M&L Painting, for example, operates on a rolling 12-month financial plan that effectively presents DuMerton with a year-end picture every month. “We’re always looking at 12 months, 12 months, 12 months. So it really gives you a good understanding,” he says.
DuMerton’s no-nonsense approach is reflected even in the vehicle he drives. Although he could easily afford to cruise around town in a low-slung luxury sedan, his utilitarian 2007 GMC Envoy does double duty as a work and pleasure vehicle. He logs 80,000 kilometres a year, close to 220,000 kilometres in total on his current model. And extra features are minimal; he hardly needs a bass booster and surround sound for his choice of listening entertainment: the AM730 traffic report.
Despite his obvious success, DuMerton doesn’t expect his kids to follow in his footsteps. He claims to have been sidetracked by the entrepreneurial direction his career took and is glad his kids are attending university (even though all three are veterans of the family business). He wants his kids to get an education and follow their own dreams – a solid entrepreneurial value in its own right. “There’s no pressure,” he says, noting that his eldest son Robert is articling at Lawson Lundell LLP while his daughter Dana is a teacher.
The freedom DuMerton gives his kids highlights another reason wealth managers are seeing this new kind of client: today’s entrepreneurs and their families are less likely to be shackled by career than previous generations, with kids reluctant to depend on their parents’ businesses for job security. Post-?secondary schooling opens career options and means the family business isn’t the only chance they’ve got to make a name for themselves.
This is even true in the farm sector, where land holdings represent more than 92 per cent of the typical B.C. farmer’s wealth and tax laws facilitate the passing of farmland from generation to generation. The fact that wealth in the farm sector is so tied up in hard assets has upped the demand for wealth management advice.
Children may have the same down-to-earth values and work ethic of their parents, but they’re also savvier, says Garnet Etsell, chair of the BC Agriculture Council and co-owner of Coligny Hill Farms Ltd. in Mount Lehman just west of Abbotsford. “They’re more business oriented; as a result, they look upon the farm a little bit differently than say our parents did,” Etsell says in his spacious farmhouse just behind the long, low 800-foot, three-stage barn where his turkeys reside. “A lot of farmers, especially young farmers, aren’t blue collar. To be in farming today, you have to understand business. And there’s a lot of farmers out there today who have business degrees, and if they don’t have a business degree, they’ve got a degree in something else.”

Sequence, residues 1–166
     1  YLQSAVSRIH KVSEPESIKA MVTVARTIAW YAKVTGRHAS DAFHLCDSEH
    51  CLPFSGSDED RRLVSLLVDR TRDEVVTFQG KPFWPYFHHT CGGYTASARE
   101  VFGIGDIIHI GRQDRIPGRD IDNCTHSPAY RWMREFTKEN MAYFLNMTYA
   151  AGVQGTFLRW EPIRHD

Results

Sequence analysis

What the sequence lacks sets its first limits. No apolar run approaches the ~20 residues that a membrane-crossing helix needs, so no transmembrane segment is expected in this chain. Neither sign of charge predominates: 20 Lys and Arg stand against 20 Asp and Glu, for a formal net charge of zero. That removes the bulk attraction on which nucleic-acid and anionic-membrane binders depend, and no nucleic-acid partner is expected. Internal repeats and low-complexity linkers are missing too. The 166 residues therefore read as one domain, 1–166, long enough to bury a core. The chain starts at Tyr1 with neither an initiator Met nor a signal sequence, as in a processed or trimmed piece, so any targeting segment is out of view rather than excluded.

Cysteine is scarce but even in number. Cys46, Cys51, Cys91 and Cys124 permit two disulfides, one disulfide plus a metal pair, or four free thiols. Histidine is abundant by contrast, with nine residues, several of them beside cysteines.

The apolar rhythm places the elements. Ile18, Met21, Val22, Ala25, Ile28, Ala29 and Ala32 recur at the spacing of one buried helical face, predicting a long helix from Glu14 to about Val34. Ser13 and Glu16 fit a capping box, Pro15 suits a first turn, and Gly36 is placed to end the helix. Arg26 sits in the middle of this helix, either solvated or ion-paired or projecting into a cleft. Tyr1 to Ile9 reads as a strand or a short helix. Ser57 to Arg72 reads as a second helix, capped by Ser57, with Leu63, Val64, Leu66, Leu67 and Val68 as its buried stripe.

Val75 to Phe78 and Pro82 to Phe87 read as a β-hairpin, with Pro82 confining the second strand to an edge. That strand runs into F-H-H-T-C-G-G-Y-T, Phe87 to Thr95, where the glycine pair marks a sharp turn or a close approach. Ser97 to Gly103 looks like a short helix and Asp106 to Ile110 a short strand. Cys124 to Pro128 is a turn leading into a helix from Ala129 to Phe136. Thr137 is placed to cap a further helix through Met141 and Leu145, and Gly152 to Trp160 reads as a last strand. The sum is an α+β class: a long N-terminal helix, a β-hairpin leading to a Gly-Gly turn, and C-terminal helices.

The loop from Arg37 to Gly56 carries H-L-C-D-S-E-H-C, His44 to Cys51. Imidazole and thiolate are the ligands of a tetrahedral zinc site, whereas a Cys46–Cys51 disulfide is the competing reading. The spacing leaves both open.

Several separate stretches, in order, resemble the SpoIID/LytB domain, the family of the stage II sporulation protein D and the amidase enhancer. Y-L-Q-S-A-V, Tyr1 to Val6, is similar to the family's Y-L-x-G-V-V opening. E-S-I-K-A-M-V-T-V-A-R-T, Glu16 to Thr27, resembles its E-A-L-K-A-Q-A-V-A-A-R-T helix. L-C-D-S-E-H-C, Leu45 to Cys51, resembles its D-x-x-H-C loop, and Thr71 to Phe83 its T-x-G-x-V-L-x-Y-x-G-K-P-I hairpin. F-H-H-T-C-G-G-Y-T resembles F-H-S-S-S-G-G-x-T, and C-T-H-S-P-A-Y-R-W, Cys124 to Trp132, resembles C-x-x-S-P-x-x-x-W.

Etsell himself personifies the trend. Growing up in the Fraser Valley, he was keen on agriculture even before his parents bought a blueberry farm when he was 15. It was more of a lifestyle than a business decision for them; when it became too busy, they sold it. Etsell studied agriculture at university, but a stint as a farmhand made him realize an entrepreneurial approach was needed if he ever hoped to have his own farm. It was another lifestyle choice, but one aimed at furthering his goals.
“I worked for a year as a herdsman and quickly decided that I would never own a farm on the back of farm wages,” he says, explaining that he returned to school, studying business at UBC, articled as an accountant and worked for 30 years as a chartered accountant before returning to farming full time in 2005.
“We always worked with the intention that we would eventually own a farm. So even with my accounting, I’ve always worked in the agriculture industry,” he says.
Real Estate Investments
But getting there meant managing his wealth soundly, the sort of thing wealth managers encourage entrepreneurs like Etsell to do. While his professional designation gave him the understanding and earning potential to sock money away, it was by deploying savings in real estate investment that he managed to build the wealth needed to acquire the land to start his farm. Buying a property in Chilliwack led to joint ventures with other investors, and he was able to plough the profits from these into a small farm near the Abbotsford airport in 1998 and eventually purchase his current property in 2001.